Skin is the body’s largest organ, and while it acts as an insulating shield, it is highly susceptible to damage. Over the summer months when many individuals spend more time outside, the sun’s powerful rays can damage skin. Not only is it necessary to practice sun safety, but it’s also important to know how to identify the difference between sunburn and sun poisoning and when to seek care.
According to the U.S. Department of Health & Human Services, one in three Americans suffer some degree of sunburn each year. Despite the benefits of time outside — including stress reduction, a surge in natural dopamine and vitamin D absorption — too much time in the sun can lead to overexposure.
Know the difference
Chances are everyone has had sunburn at some point in their life. The painful, reddened areas of skin result from the body’s inflammatory response to excessive UV light exposure. Sunburn can be painful and cause the skin to peel. In extreme cases, it can lead to fever, nausea, and disorientation.
Some patients may experience blistering, and depending on the severity of the burn, that can be an indicator of sun poisoning. The condition causes a severe, itchy rash with blisters or vesicles that appear within a few hours of overexposure. The symptoms of sun poisoning can linger from a few days to several weeks for the affected areas.
Treat severe cases of sunburn and instances of sun poisoning right away with nonsteroidal anti-inflammatory medications, such as ibuprofen. Doing so can prevent you from becoming dehydrated and decrease your risk of cell damage, which can lead to developing skin cancer.
Who’s most at risk?
Sunburn can happen to anyone, but some may have a greater chance of getting burned.
“Young infants and children, older people, and people with chronic medical conditions are most at risk,” says Dr. Abby Smolcich, M.D., a pediatrician at ThedaCare Physicians-Darboy. “Some medications also cause sensitivity to the sun and therefore can increase risk of sunburn or poisoning.”
These medications may include antibiotics, some antidepressants, antihistamines, and antifungal medications. Information provided with prescriptions should indicate whether a medication causes increased skin sensitivity. When in doubt, speak to a health care professional. By being proactive, individuals can take precautions to prevent the likelihood of sunburn while taking certain medications.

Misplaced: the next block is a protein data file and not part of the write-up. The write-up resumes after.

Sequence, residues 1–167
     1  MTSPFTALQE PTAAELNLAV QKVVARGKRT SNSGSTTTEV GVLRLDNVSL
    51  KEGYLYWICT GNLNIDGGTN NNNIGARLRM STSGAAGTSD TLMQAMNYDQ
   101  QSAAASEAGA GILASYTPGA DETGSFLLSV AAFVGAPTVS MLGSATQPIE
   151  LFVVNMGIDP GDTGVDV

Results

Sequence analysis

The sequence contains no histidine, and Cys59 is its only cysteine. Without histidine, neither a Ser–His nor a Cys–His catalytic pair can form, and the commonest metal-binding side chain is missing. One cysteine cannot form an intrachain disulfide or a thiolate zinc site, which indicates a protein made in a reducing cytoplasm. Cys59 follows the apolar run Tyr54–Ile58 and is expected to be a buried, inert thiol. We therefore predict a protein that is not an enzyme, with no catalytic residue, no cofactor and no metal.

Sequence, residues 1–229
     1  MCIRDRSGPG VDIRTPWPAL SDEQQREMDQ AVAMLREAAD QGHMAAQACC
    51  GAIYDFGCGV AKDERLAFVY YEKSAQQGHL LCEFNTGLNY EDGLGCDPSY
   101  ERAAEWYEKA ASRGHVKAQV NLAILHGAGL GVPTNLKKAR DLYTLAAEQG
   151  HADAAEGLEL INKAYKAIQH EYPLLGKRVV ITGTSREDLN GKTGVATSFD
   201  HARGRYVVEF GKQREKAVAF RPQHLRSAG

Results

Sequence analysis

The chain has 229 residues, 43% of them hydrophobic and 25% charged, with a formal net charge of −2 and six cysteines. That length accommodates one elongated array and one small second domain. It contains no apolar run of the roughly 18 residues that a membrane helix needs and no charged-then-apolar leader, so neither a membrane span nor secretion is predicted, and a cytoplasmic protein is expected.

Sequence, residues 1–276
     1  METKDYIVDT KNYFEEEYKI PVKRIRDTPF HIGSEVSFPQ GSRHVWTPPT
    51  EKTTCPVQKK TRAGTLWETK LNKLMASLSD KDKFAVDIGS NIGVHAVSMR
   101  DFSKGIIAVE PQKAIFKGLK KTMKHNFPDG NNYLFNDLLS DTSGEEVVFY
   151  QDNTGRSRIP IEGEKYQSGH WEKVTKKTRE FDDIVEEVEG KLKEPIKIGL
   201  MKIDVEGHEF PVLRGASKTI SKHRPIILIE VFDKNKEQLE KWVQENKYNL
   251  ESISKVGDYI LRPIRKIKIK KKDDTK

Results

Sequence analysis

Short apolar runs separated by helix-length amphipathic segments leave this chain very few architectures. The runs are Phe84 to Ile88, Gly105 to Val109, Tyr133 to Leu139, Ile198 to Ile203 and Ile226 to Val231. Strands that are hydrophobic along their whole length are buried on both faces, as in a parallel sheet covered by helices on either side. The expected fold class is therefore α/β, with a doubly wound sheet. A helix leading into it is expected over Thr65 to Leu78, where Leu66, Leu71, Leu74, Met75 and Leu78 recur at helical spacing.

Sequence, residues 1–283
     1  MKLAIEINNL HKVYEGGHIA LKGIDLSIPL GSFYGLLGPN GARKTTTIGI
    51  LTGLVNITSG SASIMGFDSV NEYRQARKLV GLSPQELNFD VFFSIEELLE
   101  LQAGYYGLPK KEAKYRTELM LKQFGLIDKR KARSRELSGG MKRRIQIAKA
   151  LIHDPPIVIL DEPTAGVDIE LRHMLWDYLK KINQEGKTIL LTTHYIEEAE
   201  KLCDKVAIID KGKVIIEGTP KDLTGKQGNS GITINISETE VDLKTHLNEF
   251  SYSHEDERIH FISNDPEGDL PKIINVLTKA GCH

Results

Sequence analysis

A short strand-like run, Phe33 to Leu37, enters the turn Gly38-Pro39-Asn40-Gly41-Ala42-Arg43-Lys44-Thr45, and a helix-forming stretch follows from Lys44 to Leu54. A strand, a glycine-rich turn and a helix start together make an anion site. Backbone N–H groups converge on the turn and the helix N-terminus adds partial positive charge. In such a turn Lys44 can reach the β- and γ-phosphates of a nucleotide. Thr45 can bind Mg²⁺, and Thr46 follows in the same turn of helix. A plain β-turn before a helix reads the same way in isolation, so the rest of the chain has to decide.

People with fair skin also can burn easily, even with spending only a short amount of time in the sun. Others may dismiss the need for protection because they desire a tan, but that’s not advisable.
“A common myth about sunburn is that once burned, your skin becomes tan and then you will not burn again or as easily in the future, which is false,” Dr. Smolcich says. “Wear sunscreen any time you will be out in the sun.”
Prevention is key
Individuals can safely enjoy the sunshine and avoid sunburn by being mindful and planning ahead.
“Wear light-colored, long-sleeved clothing, and avoid or limit being out in the sun during the highest exposure time, which is between 1 and 4 p.m.,” Dr. Smolcich says.
For those visiting the beach, spending time in the water or participating in active outdoor sports, applying sunscreen with a minimum SPF of 30 is essential.
“Apply at least 30 minutes prior to being out in sun,” Dr. Smolcich says. “Reapplying every two hours is going to be the most beneficial.”
Sunscreen is available in both chemical and mineral varieties. Both offer similar levels of protection, and choosing one over the other comes down to individual preference.
Chemical sunscreens need about 30 minutes to absorb into the skin to be effective, so plan ahead and apply before going outside, Dr. Smolcich says. Mineral sunscreens, on the other hand, provide a physical barrier to UV rays and are especially good for infants and younger children.
Preventing sunburn is imperative to maintaining healthy skin.
“Because of increased education surrounding skin cancer, I think a lot of people are taking proper precautions to help prevent sunburn,” Dr. Smolcich says.
When to seek care
Patients who have questions or concerns about sunburn can speak with their provider and seek care through a clinic or urgent care site as well as through an eVisit or video visit.
Most minor sunburns do not require emergency care, but there are a few instances when a patient should seek immediate care for severe burns.
“Patients should seek care if they have severe sunburn covering a large area of their body, have severe blistering, or open areas of skin,” Dr. Smolcich says. “They should also seek care if they are experiencing any severe headache, fevers, nausea, vomiting, or dehydration.”
Though sunburn and sun poisoning are most common during the summer, you can still enjoy the beautiful weather with proper precautions.
Dr. Smolcich offers patients an additional word of caution when it comes to preventing burns. “Be sure to take breaks in the shade and stay hydrated,” she says, “and do not use tanning beds.”